Sulfonamides are derivatives of para-aminobenzenesulfonamide (sulfanilamide); the structures of selected members are shown in Figure 43-1. Most are relatively insoluble in water, but their sodium salts are readily soluble. The minimal structural prerequisites for antibacterial action are embodied in sulfanilamide itself. The sulfur must be linked directly to the benzene ring. The para-NH2 group (the N of which is designated N4) can be replaced only by moieties that can be converted in vivo to a free amino group. Substitutions in the amide NH2 group (N1) have variable effects on antibacterial activity of the molecule, but substitution of heterocyclic aromatic nuclei at N1 yields highly potent compounds.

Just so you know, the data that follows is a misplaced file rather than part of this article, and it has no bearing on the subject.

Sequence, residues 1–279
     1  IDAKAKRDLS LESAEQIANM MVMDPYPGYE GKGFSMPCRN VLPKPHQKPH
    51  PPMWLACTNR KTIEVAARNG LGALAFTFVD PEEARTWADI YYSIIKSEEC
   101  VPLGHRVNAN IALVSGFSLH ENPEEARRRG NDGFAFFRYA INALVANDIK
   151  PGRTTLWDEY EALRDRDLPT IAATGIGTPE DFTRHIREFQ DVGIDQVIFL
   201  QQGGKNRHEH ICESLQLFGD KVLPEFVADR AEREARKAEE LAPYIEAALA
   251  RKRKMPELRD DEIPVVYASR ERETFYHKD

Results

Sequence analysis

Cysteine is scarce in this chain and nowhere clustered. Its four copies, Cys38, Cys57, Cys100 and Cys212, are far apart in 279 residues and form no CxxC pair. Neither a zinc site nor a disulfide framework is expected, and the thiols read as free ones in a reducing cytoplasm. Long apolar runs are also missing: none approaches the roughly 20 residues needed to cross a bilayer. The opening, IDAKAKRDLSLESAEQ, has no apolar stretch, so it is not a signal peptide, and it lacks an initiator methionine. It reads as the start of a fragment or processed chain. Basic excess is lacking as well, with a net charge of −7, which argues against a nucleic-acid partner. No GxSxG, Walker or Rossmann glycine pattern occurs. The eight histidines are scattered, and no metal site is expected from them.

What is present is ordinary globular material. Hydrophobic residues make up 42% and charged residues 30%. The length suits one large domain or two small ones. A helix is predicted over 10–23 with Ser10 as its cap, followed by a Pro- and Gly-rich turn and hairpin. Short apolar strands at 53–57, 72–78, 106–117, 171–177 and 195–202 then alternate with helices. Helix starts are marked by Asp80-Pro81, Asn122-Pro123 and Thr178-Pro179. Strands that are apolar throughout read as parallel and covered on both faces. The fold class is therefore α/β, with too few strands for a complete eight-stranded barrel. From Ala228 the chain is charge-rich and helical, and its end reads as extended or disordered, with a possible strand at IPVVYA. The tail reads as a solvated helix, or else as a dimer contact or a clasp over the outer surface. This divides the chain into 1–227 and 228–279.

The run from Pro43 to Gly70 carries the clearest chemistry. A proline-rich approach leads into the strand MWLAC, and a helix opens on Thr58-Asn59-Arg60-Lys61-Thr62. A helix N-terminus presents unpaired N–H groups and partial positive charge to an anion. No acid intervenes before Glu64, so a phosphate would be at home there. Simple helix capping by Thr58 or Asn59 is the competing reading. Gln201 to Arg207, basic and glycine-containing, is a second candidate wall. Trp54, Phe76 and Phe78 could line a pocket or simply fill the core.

Sulfonamides have wide antimicrobial activity, but their usefulness has diminished as resistant strains have emerged. These drugs are bacteriostatic, and host defenses are essential for eradication of the infection.
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